November 23 2014 Latest news:
Friday, October 5, 2012
It is never a good idea for a politician to try and be funny about sex. They should know it by now. Have they never heard of Silvio Berlusconi?
They shouldn’t even allude to it. The problem is they have no control. Once they’ve started, they think it’s a good idea to keep going.
Take deputy Labour leader Harriet Harman. A couple of years ago she made a rather dodgy quip about David Cameron wanting to have his evil way in her voting booth (ooh Matron).
Several years on in her speech to conference yesterday and things have become worse, she didn’t even bother to hide it with innuendo.
Instead, she began talking plainly about sado-masochism. She started off by telling a joke about the recent popular novel relating to that issue.
“I had an awkward moment when a journalist asked me if I’d read ‘that’ book. Women here will know the one. The one about a sado-masochistic relationship – you know, with a dominant superior controlling a naive submissive.
“And I said, ‘don’t be silly – of course I’ve read the coalition agreement.’”
Boom, boom. Then she went on: “Now, as it happens, I have also read 50 Shades of Grey – for ‘research purposes’. But I have to say I don’t think it’s very realistic.”
Let me just cut in here and point out that however this passage from her speech were to end, no good could ever have possibly come from it. Just as no good came, for example, from Cherie Blair’s interview comment about Tony: “Even now he still excites me in all possible ways.”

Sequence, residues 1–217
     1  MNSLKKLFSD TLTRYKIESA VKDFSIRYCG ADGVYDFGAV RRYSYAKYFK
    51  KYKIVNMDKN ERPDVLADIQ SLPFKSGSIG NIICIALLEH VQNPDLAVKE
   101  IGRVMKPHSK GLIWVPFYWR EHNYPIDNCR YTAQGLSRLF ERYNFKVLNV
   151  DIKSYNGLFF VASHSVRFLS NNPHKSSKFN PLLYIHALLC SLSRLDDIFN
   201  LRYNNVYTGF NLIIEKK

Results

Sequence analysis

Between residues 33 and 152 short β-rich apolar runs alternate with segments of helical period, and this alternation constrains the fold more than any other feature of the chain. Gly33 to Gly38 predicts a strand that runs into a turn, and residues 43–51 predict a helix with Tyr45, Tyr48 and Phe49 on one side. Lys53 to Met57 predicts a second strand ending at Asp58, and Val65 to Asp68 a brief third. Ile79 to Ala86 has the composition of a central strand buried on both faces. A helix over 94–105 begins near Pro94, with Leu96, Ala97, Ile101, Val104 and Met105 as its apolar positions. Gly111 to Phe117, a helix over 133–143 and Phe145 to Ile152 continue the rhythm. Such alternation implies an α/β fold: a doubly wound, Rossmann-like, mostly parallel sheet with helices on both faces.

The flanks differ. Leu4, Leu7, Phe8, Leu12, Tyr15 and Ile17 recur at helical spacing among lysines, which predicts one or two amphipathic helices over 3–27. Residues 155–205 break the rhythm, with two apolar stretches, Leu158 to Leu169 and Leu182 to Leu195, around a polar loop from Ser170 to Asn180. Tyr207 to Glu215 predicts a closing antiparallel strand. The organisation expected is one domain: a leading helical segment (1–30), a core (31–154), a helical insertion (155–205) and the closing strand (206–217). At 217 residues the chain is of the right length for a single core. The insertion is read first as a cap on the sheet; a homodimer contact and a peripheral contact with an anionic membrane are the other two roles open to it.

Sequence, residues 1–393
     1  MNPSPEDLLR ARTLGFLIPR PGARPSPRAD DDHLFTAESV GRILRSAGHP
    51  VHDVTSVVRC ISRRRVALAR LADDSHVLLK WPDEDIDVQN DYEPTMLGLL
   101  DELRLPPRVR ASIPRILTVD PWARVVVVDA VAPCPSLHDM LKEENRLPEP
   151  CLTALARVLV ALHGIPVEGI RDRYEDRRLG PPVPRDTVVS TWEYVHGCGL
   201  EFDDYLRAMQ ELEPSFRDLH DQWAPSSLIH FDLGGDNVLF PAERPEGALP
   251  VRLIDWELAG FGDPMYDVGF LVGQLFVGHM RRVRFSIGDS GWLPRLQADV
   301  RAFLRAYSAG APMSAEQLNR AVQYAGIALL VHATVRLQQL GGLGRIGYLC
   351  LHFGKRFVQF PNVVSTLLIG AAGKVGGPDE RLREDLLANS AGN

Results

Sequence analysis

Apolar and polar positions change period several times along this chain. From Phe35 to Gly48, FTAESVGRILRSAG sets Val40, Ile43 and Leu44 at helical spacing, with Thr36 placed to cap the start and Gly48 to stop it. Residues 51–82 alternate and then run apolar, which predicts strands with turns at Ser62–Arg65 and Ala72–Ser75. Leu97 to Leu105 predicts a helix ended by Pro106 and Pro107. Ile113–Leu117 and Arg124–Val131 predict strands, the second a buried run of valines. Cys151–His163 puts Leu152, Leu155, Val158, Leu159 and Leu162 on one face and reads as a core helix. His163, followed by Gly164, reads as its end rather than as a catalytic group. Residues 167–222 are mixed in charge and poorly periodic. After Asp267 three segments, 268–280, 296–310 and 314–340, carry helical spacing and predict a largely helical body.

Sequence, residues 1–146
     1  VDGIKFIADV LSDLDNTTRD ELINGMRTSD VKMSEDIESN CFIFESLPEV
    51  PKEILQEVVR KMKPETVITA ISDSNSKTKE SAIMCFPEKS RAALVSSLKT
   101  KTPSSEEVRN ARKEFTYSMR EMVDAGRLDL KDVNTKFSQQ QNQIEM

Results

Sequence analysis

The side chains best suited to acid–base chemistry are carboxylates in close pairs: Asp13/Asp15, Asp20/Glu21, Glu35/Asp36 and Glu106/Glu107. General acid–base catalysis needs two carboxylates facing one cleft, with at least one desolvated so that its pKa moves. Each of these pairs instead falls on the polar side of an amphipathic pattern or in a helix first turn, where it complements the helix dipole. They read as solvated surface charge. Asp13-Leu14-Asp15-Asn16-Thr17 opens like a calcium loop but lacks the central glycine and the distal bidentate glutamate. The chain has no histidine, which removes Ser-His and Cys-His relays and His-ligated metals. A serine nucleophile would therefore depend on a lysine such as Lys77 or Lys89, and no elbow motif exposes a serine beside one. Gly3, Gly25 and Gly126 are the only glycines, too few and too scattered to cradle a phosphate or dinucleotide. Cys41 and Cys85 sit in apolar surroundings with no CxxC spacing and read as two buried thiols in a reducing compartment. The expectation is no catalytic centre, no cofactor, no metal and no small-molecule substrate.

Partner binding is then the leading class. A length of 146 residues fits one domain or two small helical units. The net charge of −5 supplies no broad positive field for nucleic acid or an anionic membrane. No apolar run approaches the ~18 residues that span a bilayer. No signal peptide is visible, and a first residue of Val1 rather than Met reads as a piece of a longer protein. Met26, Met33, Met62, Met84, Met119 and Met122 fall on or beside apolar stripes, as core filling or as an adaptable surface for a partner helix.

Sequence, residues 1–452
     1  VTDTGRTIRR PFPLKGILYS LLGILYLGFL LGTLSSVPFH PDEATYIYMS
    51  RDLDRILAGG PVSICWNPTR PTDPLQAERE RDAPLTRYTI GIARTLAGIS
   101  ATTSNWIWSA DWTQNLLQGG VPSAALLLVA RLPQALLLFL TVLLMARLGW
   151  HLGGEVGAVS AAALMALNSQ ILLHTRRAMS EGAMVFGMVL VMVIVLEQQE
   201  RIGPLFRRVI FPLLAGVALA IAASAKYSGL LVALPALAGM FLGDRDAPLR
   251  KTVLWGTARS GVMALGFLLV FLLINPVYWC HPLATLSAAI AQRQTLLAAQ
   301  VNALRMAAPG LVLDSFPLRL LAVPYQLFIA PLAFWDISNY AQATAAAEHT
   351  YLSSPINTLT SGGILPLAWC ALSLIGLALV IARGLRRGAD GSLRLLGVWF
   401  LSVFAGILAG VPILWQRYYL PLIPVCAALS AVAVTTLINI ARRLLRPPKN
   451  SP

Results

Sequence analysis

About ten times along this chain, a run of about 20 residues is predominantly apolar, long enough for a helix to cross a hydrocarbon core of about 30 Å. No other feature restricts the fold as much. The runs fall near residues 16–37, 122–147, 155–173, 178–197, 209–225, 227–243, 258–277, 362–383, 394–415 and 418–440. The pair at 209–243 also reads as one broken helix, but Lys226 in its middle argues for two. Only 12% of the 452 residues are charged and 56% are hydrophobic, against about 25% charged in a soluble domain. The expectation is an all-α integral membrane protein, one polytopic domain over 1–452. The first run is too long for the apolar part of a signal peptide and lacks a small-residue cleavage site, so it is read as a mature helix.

People in politics are meant to have other people who train them and advise them not to say certain things. If sado-masochsim doesn’t set off the alarm bells then what on earth does?
She went on: “Because, let’s be honest, what most women want is not a man who ties you to the bed, but one who unstacks the dishwasher while you watch the Great British Bake-Off.”
She waved her arm waiting for sisters in the audience to shout “yes”, but instead all you could hear was the faint murmour of whispering as people prayed for the ground to open up and swallow her, them or the whole world.
It was her husband Jack Dromey MP, who was in the conference hall, that I felt most sorry for of course.
Earlier in the day, a delegate had gone up to thank him on the conference stage but then, getting nervous, she admitted to hundreds of people in the hall watching that she couldn’t remember his name.
With a wife that tells jokes like that, perhaps it’s not a bad thing that people forget who you are.